In late February, Karen and I flew to California to play a lot of golf, visit wineries, and visit my sister and her family. We flew into Santa Barbara, and drove to our first stop, Alisal Golf Ranch and Resort, just outside of Solvang. It is located about 10-15 miles from Santa Barbara and the coast, in the Santa Ynez mountains. The area is beautiful and the (dude) ranch is very interesting. It has loads of animals, including more than 100 horses, and is a working cattle ranch. But it is also a resort and has the requisite pool, spa, library, dining facilities, and two golf courses: the Ranch Course and the River Course.
Just prior to our arrival, California had horrific rain and flooding, and Alisal was not spared. The rain stopped just a day or so before our arrival, and we were lucky to have avoided the weather during our entire trip. The Ranch Course was partly flooded, and we could only play nine holes on that course, and while normally it is a golf cart course, due to the wetness we had to walk it. The River Course was in better shape, but even it was severely damaged, with key bridges on the course completely washed out. It was an adventure. But we enjoyed it greatly.
The ranch is rustic, but very clean, and well kept. We had a little cottage whose porch overlooked a little stream. At least, when there is no flooding it was little. It was a raging stream during our visit. The cottage was very nice. In keeping with the ranch motif, there was no TV, except in the library, where I confess Karen and I took a little TV fix in the evenings.
All of our meals were included at the ranch. We were assigned our own table and the food was every good, as was the included wine. Service was excellent, as well. We started the days playing golf. Our bags were shipped directly to the ranch from our club, RiverCrest Golf Club and Preserve, by ShipSticks. That was a very good experience, and not the first time we used ShipSticks. We ate lunches in town, generally, and spent the afternoons touring wineries and doing tastings. All in all, a very enjoyable few days.
The little town of Solvang:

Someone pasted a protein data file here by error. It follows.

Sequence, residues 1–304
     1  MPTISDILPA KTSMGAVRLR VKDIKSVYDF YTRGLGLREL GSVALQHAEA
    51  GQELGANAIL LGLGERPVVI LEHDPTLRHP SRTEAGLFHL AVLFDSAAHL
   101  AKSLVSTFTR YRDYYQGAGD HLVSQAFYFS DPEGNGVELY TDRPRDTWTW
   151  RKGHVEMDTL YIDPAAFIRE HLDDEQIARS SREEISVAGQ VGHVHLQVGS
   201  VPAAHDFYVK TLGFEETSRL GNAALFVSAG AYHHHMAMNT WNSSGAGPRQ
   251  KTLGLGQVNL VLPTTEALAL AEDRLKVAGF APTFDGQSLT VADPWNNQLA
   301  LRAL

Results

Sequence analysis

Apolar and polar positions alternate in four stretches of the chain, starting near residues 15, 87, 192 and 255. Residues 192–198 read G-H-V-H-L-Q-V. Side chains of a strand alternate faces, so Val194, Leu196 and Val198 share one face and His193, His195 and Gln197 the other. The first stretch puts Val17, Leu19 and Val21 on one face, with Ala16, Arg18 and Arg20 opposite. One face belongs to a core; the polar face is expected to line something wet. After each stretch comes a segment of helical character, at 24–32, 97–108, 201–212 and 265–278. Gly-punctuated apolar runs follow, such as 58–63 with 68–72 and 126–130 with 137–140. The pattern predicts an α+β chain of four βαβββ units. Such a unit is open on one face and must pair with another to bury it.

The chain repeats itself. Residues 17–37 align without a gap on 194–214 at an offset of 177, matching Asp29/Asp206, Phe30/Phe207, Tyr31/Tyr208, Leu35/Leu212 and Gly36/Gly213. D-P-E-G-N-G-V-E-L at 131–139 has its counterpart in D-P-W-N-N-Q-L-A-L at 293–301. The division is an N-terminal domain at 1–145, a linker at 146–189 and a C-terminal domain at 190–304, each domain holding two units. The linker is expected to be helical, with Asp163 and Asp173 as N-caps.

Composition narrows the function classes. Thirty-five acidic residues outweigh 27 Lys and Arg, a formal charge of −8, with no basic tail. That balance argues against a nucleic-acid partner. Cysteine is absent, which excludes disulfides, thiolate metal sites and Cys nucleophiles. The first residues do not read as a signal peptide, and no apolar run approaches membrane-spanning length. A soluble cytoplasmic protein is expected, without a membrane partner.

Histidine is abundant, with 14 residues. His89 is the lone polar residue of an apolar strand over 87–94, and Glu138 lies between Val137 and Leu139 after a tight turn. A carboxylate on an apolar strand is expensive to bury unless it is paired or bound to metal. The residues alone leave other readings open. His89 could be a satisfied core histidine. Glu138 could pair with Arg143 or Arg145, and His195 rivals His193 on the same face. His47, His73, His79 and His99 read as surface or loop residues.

We went from Alisal to the Ojai Resort and Spa (pronounced "Oh-Hi"). Ojai is a spectacular 5-Diamond resort, one of 100 in the world. Both Condé Nast and Travel & Leisure rank it as one of the best hotels in the world. It deserves its ranking. Our room was excellent, the view was unbeatable, the golf course was terrific, the food, the spa, and the ambiance were all wonderful. If you get the sense than I liked the Ojai Resort, you’ve been paying attention. We played golf with my sister and brother-in-law, and a bit by ourselves. Then ShipSticks picked up our clubs and returned them to our RiverCrest course. No fuss.
We toured some more wineries in the area and tasted. At he Byron tasting room in Los Olivos, we found that they were adding a “Nielson” label to their brand. We joined their tasting club and now have a case of wine shipped to us several times a year. The wines are premium and they come directly to our door. And, yes, this is to my home in Pennsylvania, formerly the home of the most restrictive alcoholic beverage laws in the country. Now they have been relaxed, and direct shipment is a benefit.
Chuck swinging the club at Ojai (notice how relaxed he is - not); and Karen above a very well-protected Ojai hole:
Finally, we spent a few nights with my sister and her family in Carpenteria, about 10 miles south of Santa Barbara. My nephew, Dean, was there to visit with us, and that was delightful. We all played "No Peekie" cards, and laughed all evening. Art and Nina took us to a really excellent sushi place named Sushi Teri, if I recall correctly. We all took a walk along the beach where they live and saw dozens of seals sunning and birthing. Remarkable.
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